BACKGROUND AND OBJECTIVES: Nonphysician faculty are common in academic family medicine departments and residencies. The objective of this study was to examine whether these nonphysician faculty have adopted a professional identity of family medicine and how that relates to job satisfaction and organizational commitment. METHODS: In 2017, a survey of nonphysician members of the Council of Academic Family Medicine organizations in the United States and Canada was conducted. The overall response rate for the survey was 52.6% (526/1,001). The current analysis was conducted on the individuals who met all of the inclusion criteria and had complete data on all investigated scales (n=360). Scales on professional identity, job satisfaction, and organizational commitment were examined along with age, gender, race, and professional characteristics. RESULTS: The respondents indicated a professional identity with family medicine, commitment to their organization, and high job satisfaction. There was a lack of association with gender for these primary variables. Professional identity had a moderately positive relationship with years in family medicine (r=0.23). Professional identity had a moderately strong positive relationship with both commitment to the organization (r=0.41), and job satisfaction (r=0.43). In multivariate regressions, race/ethnicity was associated with both professional identity (P<.05) and job satisfaction (P<.05), with nonwhites having lower professional identity and job satisfaction. CONCLUSIONS: The results of this survey of nonphysician faculty in family medicine indicated a high professional identity to family medicine, high job satisfaction, and commitment to their organization. Strategies including cultural competency training may serve as important tools to avoid dissatisfaction or turnover among this key workforce element in academic family medicine.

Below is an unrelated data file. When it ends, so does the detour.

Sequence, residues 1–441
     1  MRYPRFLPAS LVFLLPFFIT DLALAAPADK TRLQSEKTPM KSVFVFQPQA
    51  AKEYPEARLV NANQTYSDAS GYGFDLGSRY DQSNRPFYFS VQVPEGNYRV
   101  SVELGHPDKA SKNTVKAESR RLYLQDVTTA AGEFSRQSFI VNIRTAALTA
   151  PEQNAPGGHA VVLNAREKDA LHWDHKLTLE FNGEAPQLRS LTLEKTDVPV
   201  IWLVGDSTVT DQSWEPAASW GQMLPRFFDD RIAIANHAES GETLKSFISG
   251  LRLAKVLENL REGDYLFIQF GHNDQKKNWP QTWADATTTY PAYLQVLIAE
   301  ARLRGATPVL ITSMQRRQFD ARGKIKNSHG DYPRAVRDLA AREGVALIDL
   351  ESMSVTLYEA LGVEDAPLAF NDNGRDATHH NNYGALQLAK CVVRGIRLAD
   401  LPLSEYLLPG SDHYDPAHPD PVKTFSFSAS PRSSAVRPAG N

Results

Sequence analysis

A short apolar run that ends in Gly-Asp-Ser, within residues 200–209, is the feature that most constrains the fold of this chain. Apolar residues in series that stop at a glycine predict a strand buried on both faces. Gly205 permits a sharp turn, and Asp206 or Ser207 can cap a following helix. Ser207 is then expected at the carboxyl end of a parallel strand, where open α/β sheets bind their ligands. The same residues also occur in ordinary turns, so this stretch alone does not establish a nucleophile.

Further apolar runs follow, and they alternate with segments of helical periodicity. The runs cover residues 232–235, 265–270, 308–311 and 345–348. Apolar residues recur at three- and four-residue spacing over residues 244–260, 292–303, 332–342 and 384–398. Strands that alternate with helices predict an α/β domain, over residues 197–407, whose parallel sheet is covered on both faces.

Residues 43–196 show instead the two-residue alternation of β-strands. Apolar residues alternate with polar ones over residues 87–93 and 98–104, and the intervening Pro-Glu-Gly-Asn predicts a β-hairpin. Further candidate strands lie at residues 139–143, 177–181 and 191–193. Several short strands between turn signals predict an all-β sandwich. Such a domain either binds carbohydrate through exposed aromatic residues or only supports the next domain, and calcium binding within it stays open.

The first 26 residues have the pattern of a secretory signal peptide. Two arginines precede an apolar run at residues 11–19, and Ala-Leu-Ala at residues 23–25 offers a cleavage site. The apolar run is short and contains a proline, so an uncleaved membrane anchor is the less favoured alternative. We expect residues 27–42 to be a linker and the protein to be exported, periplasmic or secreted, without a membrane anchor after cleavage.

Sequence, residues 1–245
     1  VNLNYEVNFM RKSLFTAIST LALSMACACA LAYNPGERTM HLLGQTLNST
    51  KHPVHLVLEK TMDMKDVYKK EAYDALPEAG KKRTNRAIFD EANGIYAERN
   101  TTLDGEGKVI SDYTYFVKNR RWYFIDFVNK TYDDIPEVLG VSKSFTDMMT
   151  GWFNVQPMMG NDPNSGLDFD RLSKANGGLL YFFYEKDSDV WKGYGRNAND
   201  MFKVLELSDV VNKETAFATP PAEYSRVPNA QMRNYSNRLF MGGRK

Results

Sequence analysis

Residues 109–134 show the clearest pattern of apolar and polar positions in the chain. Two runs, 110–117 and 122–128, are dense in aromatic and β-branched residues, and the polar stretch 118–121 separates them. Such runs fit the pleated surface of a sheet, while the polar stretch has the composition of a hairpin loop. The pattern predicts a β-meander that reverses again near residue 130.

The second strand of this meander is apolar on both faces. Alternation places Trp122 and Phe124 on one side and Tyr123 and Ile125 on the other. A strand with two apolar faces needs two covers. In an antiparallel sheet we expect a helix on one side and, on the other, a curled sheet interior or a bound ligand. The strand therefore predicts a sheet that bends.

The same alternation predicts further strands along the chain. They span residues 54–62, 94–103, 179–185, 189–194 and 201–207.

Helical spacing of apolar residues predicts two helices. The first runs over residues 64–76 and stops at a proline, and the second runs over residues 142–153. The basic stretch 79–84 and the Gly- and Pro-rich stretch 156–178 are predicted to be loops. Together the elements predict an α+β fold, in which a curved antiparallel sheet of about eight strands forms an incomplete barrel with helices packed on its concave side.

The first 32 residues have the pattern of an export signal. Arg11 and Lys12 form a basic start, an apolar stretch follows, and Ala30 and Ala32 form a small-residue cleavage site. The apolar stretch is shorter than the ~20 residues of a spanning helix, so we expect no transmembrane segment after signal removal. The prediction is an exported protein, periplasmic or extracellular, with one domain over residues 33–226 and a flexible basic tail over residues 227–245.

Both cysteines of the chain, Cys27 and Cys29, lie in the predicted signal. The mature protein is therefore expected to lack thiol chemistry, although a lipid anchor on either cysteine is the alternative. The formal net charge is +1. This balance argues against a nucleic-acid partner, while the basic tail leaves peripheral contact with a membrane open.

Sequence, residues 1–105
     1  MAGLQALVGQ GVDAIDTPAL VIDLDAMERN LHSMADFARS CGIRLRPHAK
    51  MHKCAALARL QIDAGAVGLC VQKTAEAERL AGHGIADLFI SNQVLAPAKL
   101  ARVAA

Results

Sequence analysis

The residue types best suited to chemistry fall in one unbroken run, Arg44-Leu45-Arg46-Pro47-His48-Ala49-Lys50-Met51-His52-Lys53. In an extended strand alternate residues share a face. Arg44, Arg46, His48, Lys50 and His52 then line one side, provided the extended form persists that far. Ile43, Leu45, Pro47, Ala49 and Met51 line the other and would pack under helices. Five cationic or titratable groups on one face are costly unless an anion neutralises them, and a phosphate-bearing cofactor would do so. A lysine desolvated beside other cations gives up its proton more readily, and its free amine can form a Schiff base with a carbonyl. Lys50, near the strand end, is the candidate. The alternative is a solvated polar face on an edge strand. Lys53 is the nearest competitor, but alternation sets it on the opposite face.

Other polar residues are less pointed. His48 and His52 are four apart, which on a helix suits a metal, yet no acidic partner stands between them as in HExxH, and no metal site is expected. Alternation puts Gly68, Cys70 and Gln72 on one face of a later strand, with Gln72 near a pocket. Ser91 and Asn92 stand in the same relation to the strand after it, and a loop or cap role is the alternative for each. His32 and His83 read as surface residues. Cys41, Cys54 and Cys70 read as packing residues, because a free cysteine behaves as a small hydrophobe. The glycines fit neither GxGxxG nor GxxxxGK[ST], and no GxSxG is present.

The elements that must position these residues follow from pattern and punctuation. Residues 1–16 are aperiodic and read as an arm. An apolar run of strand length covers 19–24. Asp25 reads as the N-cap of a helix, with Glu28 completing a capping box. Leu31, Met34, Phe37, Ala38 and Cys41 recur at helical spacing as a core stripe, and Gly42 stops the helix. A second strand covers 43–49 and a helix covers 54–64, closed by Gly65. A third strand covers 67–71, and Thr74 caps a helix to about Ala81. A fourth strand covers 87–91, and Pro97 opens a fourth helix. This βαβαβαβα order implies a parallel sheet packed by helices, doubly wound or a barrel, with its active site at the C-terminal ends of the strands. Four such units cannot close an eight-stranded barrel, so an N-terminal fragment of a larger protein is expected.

ASJC Scopus subject areas
- Family Practice